The projects students pitched included helping communities impacted by wildfires in Oregon, California, and Colorado, providing food for people affected by crop failures and the pandemic, and providing assistance to animals affected by pollution and rising global temperatures.
Pichamon Pongnonthachai from Bangkok, Thailand worked with the Mirror Foundation to collect food and funds for people who have suffered from the pandemic and monsoons. She says her favorite part of the program was listening to everyone else’s ideas on how they were addressing climate change in their communities.
“We started with the same idea but ended up with totally different projects. I found that fascinating,” Pongnonthachai said.
Julienne Adams from the U.S. state of Oregon ended up gathering donations of camping gear when she set out to help those affected by wildfires. She says when she asked what was most needed, gear was the response since it can provide temporary shelter when people lose their homes. After she had her idea, Adams received great support from other teens in the program. Adams says that was really wonderful since she lives in a “tiny town bubble.”
“To talk with teens like me from all over the world was a great experience,” Adams said.
Once the students had their ideas, they had to reach out to the community and figure out how to get support. Masuda says they were taught discussion and consultancy protocols promoted by the Harvard Business Review.
To her, the biggest lesson from this was that “the way you present things matters.” This was important when her team had to pivot when they encountered problems.
Overcoming Roadblocks and Making an Impact
For Masuda and her team in Japan, they ran into scheduling challenges. Their school said they could not hold their event when they originally wanted because there was another fundraiser underway in November. On top of that, the prospect of asking families for money right after they completed a fundraising event seemed daunting.
“Our mentors and youth leaders advised us to focus on something else,” Masuda said. “It encouraged us to participate in a whole week-long game event.”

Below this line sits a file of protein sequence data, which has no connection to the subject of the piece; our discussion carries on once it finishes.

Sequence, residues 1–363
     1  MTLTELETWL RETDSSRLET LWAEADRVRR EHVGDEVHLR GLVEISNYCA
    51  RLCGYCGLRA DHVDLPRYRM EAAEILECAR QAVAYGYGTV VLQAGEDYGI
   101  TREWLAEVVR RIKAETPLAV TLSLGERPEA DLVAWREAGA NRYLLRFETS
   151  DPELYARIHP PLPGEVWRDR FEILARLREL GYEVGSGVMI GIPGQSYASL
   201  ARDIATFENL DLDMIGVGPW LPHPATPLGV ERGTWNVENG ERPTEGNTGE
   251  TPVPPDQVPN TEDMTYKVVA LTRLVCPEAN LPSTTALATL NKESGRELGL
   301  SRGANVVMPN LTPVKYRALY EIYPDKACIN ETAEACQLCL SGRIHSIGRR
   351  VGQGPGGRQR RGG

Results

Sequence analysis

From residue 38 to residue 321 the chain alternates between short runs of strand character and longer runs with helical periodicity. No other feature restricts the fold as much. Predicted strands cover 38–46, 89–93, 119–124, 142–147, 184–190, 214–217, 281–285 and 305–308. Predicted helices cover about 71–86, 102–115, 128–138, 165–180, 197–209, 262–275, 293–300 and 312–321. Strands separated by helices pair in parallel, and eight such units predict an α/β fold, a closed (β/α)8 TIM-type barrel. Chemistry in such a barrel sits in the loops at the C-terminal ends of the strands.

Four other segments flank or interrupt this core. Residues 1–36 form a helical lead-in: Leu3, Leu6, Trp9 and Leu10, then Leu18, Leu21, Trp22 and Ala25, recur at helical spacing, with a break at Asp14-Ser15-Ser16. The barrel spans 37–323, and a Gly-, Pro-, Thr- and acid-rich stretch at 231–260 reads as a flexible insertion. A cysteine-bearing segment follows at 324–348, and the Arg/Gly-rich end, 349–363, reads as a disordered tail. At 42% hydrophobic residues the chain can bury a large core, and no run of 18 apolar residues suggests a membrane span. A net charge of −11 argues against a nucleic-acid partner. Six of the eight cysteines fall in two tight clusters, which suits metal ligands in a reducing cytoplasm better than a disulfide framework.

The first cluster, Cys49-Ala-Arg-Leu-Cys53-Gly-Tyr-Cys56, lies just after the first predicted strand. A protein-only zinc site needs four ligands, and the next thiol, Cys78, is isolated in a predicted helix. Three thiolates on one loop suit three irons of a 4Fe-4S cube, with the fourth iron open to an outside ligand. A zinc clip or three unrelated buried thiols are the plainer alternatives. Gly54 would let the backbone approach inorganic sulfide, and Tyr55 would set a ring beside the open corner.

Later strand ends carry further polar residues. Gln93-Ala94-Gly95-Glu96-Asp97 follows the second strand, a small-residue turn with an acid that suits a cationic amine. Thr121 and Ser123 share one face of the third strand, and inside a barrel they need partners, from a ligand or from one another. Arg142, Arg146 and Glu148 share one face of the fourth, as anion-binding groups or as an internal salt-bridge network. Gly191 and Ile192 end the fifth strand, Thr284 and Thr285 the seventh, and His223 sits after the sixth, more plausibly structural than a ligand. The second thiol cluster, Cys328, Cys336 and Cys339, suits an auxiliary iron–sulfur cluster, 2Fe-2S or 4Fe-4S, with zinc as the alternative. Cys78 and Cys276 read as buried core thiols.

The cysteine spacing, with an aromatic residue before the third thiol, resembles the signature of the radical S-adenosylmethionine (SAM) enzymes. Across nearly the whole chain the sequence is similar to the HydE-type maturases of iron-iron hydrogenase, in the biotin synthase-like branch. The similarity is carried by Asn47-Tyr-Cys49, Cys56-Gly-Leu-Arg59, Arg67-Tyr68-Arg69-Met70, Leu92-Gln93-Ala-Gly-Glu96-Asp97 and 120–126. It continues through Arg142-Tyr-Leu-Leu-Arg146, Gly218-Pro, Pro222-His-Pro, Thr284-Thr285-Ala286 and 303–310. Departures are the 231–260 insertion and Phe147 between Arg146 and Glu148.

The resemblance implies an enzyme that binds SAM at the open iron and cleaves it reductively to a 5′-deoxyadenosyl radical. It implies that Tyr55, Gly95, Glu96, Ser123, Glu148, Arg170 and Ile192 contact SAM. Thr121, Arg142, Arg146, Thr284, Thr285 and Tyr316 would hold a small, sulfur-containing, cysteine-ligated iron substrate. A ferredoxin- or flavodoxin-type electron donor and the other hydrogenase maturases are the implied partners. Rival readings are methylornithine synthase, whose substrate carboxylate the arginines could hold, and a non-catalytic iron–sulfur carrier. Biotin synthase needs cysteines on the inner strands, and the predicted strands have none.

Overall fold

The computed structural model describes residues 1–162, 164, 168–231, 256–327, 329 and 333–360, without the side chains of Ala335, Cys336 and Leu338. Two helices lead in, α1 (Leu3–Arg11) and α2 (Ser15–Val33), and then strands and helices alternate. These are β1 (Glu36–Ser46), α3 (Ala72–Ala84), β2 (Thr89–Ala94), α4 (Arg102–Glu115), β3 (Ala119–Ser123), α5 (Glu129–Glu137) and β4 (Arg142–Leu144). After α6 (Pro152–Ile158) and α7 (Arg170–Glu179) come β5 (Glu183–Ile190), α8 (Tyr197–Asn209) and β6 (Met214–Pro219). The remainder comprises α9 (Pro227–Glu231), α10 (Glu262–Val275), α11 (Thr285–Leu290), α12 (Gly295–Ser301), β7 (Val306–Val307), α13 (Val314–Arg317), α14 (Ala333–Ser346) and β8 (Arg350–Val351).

That change in focus enhanced the educational aspect of their project, increasing awareness about climate change. In the end they also brought in many donations as well.
In Oregon, Adams encountered different difficulties with her camping gear project. She says her lack of social media presence made it challenging to get the word out about her efforts. After learning more about marketing, Adams turned to her family and friends, along with the local fire department to assist in the effort.
“I wasn’t sure how much of a difference I could make, but seeing how people came together to help me shows there’s good in the community,” Adams said. “That’s definitely inspiring.”
For Pongnonthachai, time constraints were a concern both because of potential Covid shutdowns in Thailand and because she had to prepare for her national exams. She says the timelines in the program helped keep her on target, and if she grew frustrated, she focused on what she was trying to accomplish. Pongnonthacha says the biggest lesson for her was that small efforts can make a big difference.
“The most heartfelt actions don’t necessarily come from headline news or from fantastic global projects,” Pongnonthachai said. “They come from the simple need to help the people around us be happy and safe.”
For more information about the climate fellowship, please visit our program page.